If you can’t make it to London or Vienna, don’t worry: the London event will be streamed live on Facebook and YouTube, and available to watch after the event as well. Make sure you like and follow Steinberg on Facebook and YouTube to receive notifications about the live streams. But if you’re able to make it in person to either event, please do come along.
It feels quite strange to say, but this is the final instalment of the Dorico development diary before the first version of the software is released. As October begins, so too does the fourth quarter of the year, and Dorico will be available to buy before the winter solstice. We can see the light at the end of the tunnel.
As I stand here on the threshold, I find myself reflecting on what we have achieved since the last diary instalment at the end of June, and on what lies ahead.
When we finally announced Dorico’s name last month, and let you know when you will finally be able to use it for yourself, we were inundated with responses on Facebook, Twitter, on the new dedicated Dorico forum on our web site, and by email. Knowing that there are so many musicians out there waiting for Dorico and looking forward to adding it to their toolboxes is great motivation for us as we work hard to ready the application for release.
In the meantime, it’s time for another development update. I know that many of you are waiting for details about playback, and I will share some in (I hope) the next instalment of this diary. Our team in London and our colleagues in Hamburg continue to work very hard on the integration of Cubase’s audio engine with Dorico, but there is still much to be done. In this instalment, then, I’m going to tell you about Dorico’s page layout features, and also talk a little bit about lyrics.
At the Major Orchestra Librarians’ Association conference in Helsinki, Finland this past weekend, I was honoured to be invited to give a presentation on our in-development application, and we chose this event to reveal the name, expected availability date, and provisional pricing information for the project we’ve been working on for the past three and a half years.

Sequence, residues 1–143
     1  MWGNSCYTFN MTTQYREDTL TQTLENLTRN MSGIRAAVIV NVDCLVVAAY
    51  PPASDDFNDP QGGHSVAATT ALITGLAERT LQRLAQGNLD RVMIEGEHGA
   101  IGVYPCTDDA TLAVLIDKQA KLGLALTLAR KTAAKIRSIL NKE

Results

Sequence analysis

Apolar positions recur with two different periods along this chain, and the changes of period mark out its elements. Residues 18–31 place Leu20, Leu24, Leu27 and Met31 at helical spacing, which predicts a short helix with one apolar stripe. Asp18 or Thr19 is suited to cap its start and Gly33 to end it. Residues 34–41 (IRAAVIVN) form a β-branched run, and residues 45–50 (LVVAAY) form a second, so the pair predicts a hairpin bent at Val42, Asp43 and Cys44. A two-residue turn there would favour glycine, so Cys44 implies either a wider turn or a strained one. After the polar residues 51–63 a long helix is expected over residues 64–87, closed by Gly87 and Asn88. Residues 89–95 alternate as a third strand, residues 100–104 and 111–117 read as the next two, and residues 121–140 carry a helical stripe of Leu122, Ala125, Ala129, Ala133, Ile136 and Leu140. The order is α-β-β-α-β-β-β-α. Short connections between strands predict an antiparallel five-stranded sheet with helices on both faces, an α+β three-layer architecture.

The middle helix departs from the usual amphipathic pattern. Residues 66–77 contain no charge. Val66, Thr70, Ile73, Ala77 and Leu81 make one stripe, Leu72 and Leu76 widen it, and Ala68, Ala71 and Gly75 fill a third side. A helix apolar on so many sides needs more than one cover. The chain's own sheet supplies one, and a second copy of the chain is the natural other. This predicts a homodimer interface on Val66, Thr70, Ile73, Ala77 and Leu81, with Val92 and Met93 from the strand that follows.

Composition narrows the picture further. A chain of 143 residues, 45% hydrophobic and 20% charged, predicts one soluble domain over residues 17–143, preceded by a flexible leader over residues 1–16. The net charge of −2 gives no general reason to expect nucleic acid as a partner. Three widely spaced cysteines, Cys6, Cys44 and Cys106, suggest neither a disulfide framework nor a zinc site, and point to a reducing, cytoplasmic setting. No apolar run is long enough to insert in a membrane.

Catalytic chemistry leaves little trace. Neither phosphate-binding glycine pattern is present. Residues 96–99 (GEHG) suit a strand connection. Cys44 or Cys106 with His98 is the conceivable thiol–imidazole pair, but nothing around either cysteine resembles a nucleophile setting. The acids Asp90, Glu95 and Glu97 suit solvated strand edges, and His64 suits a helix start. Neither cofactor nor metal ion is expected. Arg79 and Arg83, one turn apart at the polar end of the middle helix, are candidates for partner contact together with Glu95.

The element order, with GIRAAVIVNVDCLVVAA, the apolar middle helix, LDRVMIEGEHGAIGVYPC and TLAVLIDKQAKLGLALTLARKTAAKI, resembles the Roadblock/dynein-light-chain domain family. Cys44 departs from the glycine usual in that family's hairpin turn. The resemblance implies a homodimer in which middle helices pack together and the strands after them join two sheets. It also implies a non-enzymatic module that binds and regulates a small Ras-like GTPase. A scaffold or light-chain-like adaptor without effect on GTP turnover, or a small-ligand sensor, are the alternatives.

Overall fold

So it gives me great pleasure to announce that Steinberg’s new scoring application will be called Dorico, and it will be released in the fourth quarter of 2016. If you’re interested to find out more about the name and how it was chosen, read on.
Since the last diary instalment just before Christmas, another three months has very nearly sped past, and as winter finally gives way to spring here in London, we can reflect on the progress we have made over the dark and cold months now behind us, and look forward to the work that still lies ahead.
It’s been a long time since the last entry in this diary, and as the year draws to its close, I know there is an appetite for news on how our project is progressing. I hope this update will bring you some festive cheer and excitement for the year ahead.
After the last instalment’s detailed discussion of beam grouping and sloping, today’s development update is going to focus on some of the issues around laying out a page of music, in particular working in the horizontal dimension, including casting off and justification.